11 U.S.C. § 727(a) (2) (A). "The bankruptcy statutes have a two-fold purpose--first, to secure the equitable distribution of the bankrupt's estate among his creditors, and second, to relieve the honest debtor from the weight of oppressive indebtedness and permit him to start afresh free from the obligations and responsibilities consequent upon business misfortunes." In re Devers, 759 F.2d 751, 754-55 (9th Cir. 1985) (citations and quotations omitted).

The specific purpose of Sec. 727(a) (2) (A) is to deny a discharge to those debtors who, intending to defraud, transfer property which would have become property of the bankrupt estate. In re O'Connor, 32 B.R. 626 (Bankr.E.D.Penn.1983). In order to deny discharge, the statute requires that four elements be proven: (1) a transfer of property; (2) belonging to the debtor; (3) within one year of the filing of the petition; (4) with intent to hinder, delay, or defraud a creditor or officer of the estate. In re Reed, 18 B.R. 462 (Bankr.E.D. Tenn. 1982). In the instant case, all elements have been stipulated except for the intent element.

The trustee bears the burden of establishing that the transfer occurred with the intent to hinder, delay, or defraud O'Connor. Moreover, "evidence of actual intent to defraud creditors is required to support a finding sufficient to deny a discharge." Matter of Reed, 700 F.2d 986, 991 (5th Cir. 1983). Constructive intent is insufficient. In re Glaser, 49 B.R. 1015 (Bankr.S.D.N.Y. 1985). Actual intent, however, may be inferred from the actions of the debtor and may be proven by circumstantial evidence. Future Time, Inc. v. Yates, 26 B.R. 1006 (Bankr.M.D. Ga.), aff'd without op., 712 F.2d 1417 (11th Cir. 1983); In re Nazarian, 18 B.R. 143 (Bankr.D. Md. 1982). See also Glaser; Reed, 700 F.2d at 991 (Because a debtor is unlikely to testify directly that his intent was fraudulent, the courts may deduce fraudulent intent from all the facts and circumstances of a case.).

In In re Schmit, 71 B.R. 587 (Bankr,D. Minn. 1987), the court detailed the factors evidencing actual intent to defraud under section 727(a) (2) (A):

(1) the lack or inadequacy of consideration; (2) the family, friendship or close associate relationship between the parties; (3) the retention of possession, benefit or use of the property in question; (4) the financial condition of the party sought to be charged both before and after the transaction in question; (5) the existence or cumulative effect of the pattern or series of transactions or course of conduct after the incurring of debt, onset of financial difficulties, or pendency or threat of suits by creditors; and (6) the general chronology of the events and transactions under inquiry.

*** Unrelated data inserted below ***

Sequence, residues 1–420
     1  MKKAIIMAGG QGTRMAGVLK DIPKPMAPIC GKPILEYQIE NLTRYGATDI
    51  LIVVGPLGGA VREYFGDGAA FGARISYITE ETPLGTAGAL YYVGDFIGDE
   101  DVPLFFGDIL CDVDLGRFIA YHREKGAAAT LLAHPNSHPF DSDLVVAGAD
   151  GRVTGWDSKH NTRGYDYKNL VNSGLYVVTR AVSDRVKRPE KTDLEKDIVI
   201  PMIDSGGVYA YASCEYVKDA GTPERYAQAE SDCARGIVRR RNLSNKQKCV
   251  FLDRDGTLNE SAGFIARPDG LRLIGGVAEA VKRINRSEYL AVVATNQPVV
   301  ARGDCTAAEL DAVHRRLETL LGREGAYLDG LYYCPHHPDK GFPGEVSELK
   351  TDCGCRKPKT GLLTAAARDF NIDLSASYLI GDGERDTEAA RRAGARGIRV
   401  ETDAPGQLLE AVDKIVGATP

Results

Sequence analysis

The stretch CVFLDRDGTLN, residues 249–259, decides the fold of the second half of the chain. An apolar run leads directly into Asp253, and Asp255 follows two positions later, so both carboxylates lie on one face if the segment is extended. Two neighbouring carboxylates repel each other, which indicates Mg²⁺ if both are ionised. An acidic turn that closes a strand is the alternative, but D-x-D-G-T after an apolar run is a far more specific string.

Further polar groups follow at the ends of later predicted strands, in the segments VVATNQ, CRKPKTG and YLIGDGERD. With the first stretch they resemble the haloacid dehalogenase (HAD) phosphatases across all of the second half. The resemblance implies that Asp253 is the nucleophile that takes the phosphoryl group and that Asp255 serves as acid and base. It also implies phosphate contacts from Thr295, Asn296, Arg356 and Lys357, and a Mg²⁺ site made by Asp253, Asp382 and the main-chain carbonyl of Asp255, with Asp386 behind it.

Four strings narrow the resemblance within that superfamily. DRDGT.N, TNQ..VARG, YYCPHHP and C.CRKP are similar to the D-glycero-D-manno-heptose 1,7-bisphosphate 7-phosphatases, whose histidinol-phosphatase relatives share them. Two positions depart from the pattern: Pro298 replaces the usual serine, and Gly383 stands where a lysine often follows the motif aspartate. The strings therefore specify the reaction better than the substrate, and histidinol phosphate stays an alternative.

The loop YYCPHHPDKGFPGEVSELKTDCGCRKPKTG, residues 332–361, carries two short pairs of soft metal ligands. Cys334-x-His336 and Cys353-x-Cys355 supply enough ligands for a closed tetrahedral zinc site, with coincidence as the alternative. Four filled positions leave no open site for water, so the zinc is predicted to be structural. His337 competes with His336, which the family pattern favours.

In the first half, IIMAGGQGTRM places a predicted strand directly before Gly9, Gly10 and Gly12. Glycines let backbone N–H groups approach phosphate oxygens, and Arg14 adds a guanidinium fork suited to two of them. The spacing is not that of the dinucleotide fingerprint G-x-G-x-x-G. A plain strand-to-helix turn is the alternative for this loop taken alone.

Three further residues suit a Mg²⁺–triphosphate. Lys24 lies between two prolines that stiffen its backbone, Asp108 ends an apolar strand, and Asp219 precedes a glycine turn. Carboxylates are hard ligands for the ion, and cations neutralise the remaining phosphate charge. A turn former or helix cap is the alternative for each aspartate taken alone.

Schmit, 71 B.R. at 590.

In the case at bar, most of these indicia are evidenced by the plain language of the trust agreement. For example, the trust instrument gave Chastant unlimited power over the property as well as all benefits to be derived therefrom. This "retention of the use of transferred property very strongly indicates a fraudulent motive underlying the transfer." In re Cadarette, 601 F.2d 648, 651 (2d Cir. 1979) (citations omitted).

Additionally, "a presumption of actual fraudulent intent necessary to bar a discharge arises when property is either transferred gratuitously or is transferred to relatives." In re Butler, 38 B.R. 884, 888 (Bankr.D. Kan. 1984). The transfer of property to relatives, in conjunction with other circumstances, will often make the trustee's case compelling, notwithstanding the absence of direct evidence of fraud. Matter of Loeber, 12 B.R. 669 (Bankr.D.N.J. 1981). In the instant case Chastant established the trust both gratuitously and for his children. This creates a presumption of an intent to defraud establishing plaintiff's prima facie case and shifting to Chastant the burden of demonstrating that he lacked fraudulent intent. Butler, 38 B.R. at 888; In re Bateman, 646 F.2d 1220 (8th Cir. 1981). Chastant has failed to rebut these presumptions. The finding that Chastant acted with actual fraudulent intent was not clearly erroneous and there was no error in the denial of his discharge under section 727(a) (2) (A).